Consistency is king
Whichever method you use to discipline your toddler, decide which tactics to employ and stick to them. Never make idle threats or turn a blind eye to bad behaviour. Your toddler will soon stop pushing the boundaries when they are clear what they are.
Build up the discipline
Try not to switch from Mother Earth to the Wicked Witch the moment your toddler starts making a fuss. Start by reasoning with them and then give them a warning. Only resort to more stringent tactics if the tantrum turns from a minor whinge into a major scream.
Count to ten
Avoid kneejerk responses to your toddler’s tantrums. Counting to ten and taking deep breaths while you decide how to deal with bad behaviour will ensure you respond appropriately.
Take time out
Send your toddler to the same quiet place in your home when they misbehave. Call it the “quiet and calm zone” and tell them to stay there and think about their behaviour for as many minutes as they are years old. If your two year old continues making a fuss, remind them their two minutes will only begin when they have calmed down. Tricky toddlers will bounce in and out of the quiet zone like a yoyo but if you stand your ground early on, the time out trick will come in handy for many years to come!
It can be a shock when your toddler kicks or punches but most two year olds will occasionally lash out. However, treat this behaviour as serious and send them straight to time out. Your child will pick up most of their behaviours from you so don’t smack them or they are likely to end up with a more serious behavioural problem.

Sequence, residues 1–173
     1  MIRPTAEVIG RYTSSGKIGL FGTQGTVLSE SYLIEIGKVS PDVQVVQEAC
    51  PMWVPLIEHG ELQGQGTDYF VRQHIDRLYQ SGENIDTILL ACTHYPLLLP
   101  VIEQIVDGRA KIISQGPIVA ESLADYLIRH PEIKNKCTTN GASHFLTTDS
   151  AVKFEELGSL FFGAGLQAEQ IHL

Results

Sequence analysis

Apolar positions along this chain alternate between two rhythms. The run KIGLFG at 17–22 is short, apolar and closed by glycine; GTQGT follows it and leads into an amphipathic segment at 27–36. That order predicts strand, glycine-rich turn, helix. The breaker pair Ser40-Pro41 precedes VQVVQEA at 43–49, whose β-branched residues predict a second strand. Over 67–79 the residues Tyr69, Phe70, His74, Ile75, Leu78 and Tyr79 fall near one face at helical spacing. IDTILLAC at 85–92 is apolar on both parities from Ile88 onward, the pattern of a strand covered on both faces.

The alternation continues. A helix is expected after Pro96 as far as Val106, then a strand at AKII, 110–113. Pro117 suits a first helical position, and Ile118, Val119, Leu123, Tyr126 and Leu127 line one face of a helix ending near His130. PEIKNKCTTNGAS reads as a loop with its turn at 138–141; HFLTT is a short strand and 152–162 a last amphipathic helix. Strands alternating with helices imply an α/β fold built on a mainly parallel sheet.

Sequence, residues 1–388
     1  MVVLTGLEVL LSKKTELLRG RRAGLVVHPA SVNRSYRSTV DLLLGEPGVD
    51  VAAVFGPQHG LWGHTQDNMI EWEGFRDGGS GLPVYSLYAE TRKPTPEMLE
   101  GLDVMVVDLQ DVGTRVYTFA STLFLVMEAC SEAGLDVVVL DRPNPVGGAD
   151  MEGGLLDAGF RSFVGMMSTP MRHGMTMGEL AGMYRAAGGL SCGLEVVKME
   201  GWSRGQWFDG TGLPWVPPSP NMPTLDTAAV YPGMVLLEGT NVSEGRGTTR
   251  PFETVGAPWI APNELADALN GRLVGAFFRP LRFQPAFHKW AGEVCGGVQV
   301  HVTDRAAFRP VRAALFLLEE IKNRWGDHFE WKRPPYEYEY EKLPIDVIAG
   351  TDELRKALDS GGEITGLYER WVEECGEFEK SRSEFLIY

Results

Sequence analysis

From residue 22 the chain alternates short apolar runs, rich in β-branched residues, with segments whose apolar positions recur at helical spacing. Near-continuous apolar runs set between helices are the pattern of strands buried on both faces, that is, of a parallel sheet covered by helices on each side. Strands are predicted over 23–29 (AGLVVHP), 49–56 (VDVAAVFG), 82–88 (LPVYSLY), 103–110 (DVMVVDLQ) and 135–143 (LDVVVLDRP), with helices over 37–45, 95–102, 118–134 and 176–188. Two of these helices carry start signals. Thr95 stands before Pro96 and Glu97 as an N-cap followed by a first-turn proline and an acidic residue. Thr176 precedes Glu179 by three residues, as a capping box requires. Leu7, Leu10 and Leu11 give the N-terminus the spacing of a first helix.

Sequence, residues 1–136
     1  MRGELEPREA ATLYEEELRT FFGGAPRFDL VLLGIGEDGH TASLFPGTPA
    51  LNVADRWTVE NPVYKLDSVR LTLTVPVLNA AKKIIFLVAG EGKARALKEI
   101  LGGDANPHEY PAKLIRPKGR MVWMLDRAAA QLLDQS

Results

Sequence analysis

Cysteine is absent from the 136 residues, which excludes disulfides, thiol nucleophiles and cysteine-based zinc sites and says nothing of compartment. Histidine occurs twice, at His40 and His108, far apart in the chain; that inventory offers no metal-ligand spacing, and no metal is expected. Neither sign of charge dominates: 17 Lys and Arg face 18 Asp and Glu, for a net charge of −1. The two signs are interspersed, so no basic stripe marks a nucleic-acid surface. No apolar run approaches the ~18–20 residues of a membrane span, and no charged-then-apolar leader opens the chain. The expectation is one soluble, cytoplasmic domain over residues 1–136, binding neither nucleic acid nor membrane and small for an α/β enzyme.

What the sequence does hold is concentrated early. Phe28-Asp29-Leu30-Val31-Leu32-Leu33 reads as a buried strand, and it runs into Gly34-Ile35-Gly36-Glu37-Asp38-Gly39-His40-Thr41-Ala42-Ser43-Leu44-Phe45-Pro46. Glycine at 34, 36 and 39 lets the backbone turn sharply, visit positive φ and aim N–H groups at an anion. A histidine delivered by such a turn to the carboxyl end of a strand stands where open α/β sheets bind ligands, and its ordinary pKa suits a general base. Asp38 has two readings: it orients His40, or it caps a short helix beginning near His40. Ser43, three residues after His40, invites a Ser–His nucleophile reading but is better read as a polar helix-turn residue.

The age-old count-to-five method is a valuable trick in every parent’s toolbox. Tell your tricky two year old they have five seconds to do as they are told and start slowly counting backwards. Toddlers are usually so unsure about what will happen after the count of one that they will do as they are told immediately!
Be a toddler whisperer
When your toddler wails, your instinct will be to shout back. If you respond in a quiet voice they will be forced to calm down to hear what you are saying. Speaking to your toddler in a low tone will also set a good example.
Reward good behaviour and ignore the rest It’s all too easy to ignore your toddler when they are behaving well and give them lots of attention when they are not. Remember to acknowledge good behaviour and do your best to look unimpressed and distracted when they throw a tantrum.
Don’t label them
When you discipline your toddler, try not to make sweeping generalisations about their character and focus on the behaviour in hand. Instead of saying: “You are very naughty”, say: “You are being very naughty”. There is a subtle but big difference.
No smiley faces Sometimes the sight of your toddler creating a major drama over a minor incident can have you in fits of giggles, but disciplining is a serious business that requires a serious expression. If you can’t wipe the smile off your face, resort to the count-to-ten trick before dishing out the discipline!
Make a scene
It can be embarrassing when your toddler starts screaming in the supermarket, but don’t let your discipline slide because you are worried about what other people think. Just keep counting, breathing and a serious expression on your face!